Population distribution of orientations according to sex
Male: 9%, Female 7%
Male: 6%, Female 3%
Male:Female ratio for minority orientations
1.3:1 Minority orientation, 30% higher in men than women
2:1 Minority orientation, 100% higher in men than women
Does minority orientation correlate with race?
Mental or physical pathology?3
Age of first behavorial appearance of trait
Around age 2
Around age 2
Is either orientation chosen?
Is either orientation pathological?
Can external expression be altered?
Can interior orientation be altered clinically?
Is trait familial/does trait run in families?
Pattern of familiality:
"Maternal effect," implies X-chromosome linkage
"Maternal effect," implies X-chromosome linkage4
Little to none. Handedness of adopted (i.e. non-biological) children
shows no relationship to that of adoptive parents, indicating a genetic
"Maternal effect" implies X-chromosome linkage. 
Little to none. Sexual orientation of adopted (i.e. non-biological)
children shows no relationship to that of adoptive parents, indicating
a genetic influence.
Do siblings of those with minority orientation have increased
rates of minority orientation?
Yes. Elevated rate of left-handedness families with other left-handed
Yes. Elevated rate of homosexuality in families with other homosexual
Are monozygotic (identical twins more likely to share minority
MZ concordance for minority orientation6 (vs. background
12% (vs. 8%, so MZ rate is 1.5 times higher)
25% (vs. 5%, so MZ rate is 5 t imes higher)
From: A Separate Creation: The Search for the Biological
Origins of Sexual Orientation
Sources: I.C. McManus, "The Inheritance of Left-Handedness,"
Biological Asymmetry and Handedness, Ciba Foundation Symposium 162.
(Chichester) John Wiley & Sons: 1991, 251-267; J. Michael Bailey
and Richard Pillard, "A Genetic Study of Male Sexual Orientation,"
Archives of General Psychiatry 48 (December 1991): 1089-1096; Dean
Hamer et al., "A Linkage Between DNA Markers on the X Chromosome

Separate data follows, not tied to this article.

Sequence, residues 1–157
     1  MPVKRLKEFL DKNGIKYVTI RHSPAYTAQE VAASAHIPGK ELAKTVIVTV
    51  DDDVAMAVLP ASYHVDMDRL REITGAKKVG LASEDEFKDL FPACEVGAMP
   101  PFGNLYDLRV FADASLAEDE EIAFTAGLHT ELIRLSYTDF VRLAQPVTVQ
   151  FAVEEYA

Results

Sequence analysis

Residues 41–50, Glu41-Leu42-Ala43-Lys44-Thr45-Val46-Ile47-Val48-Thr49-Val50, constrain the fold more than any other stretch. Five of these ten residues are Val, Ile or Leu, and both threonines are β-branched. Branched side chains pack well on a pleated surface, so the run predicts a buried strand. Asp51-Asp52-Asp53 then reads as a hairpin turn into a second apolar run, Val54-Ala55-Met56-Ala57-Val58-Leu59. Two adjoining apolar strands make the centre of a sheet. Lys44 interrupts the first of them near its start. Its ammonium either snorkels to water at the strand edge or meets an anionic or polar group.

and Male Sexual Orientation," Science 261 (July 16, 1993): 321-327
1 - Both traits show a very small number of humans are ambi-oriented.
Handedness shows almost none for both men and women—McManus:
"Measures of handedness usually show a bimodal distribution with
few subjects appearing truly ambidextrous." Sexual orientation,
likewise, shows almost none for men but a still small though significant
number for women.
2 - However, may highly influence expression.
3 - There is currently fierce debate over the existence of a correlation
between left-handedness and certain pathologies, most notably schizophrenia.
Some researchers assert that handedness, thought to reflect one aspect
of brain lateralization, may be a result of a cause--in some manner
a concomitant—of schizophrenia's etiology or pathophysiology.
A study done by Charles Boklage ("Schizophrenia, brain asymmetry
deveopment, and twinning," Biol. Psychiatry 12, 19-35, 1997)
powerfully developed the hypothesis, and Nancy Segal ("Origins
and implications of handedness and relative birth weight for IQ in
monozygotic pairs," Neuropsychology 27, 549-561, 1989) also supports
some form of correlation. On the other hand, Luchins et al. (1980)
and Lewis et al. (1989), in their respective replication attempts
of Boklage's work, found little support, and Gottesman et al. ("Handedness
in twins with schizophrenia: was Boklage correct?" Schizophrenia
Research 9, 83-85, 1993) conclude that there does not appear to be
an association between handedness and schizophrenia. (See Gottesman
for a more complete bibliography.) The point, however, is the distinct
difference between the trait profile of handedness and that of sexual
orientation: while there is clinical debate in scientific and research
circles over whether handedness correlates in some way with psychobiological
abnormalities, no such debate exists regarding sexual orientation,
and neither heterosexuality nor homosexuality are implicated in any
mental or physical pathology.
4 - A subset of gay men show the maternal effect. It does not appear
5 - "Segregation" is a genetic term of art meaning the
way the trait shows up in individuals down through generations.
6 - Indicates that genetics play a significantly greater role in
sexual orientation than in handedness.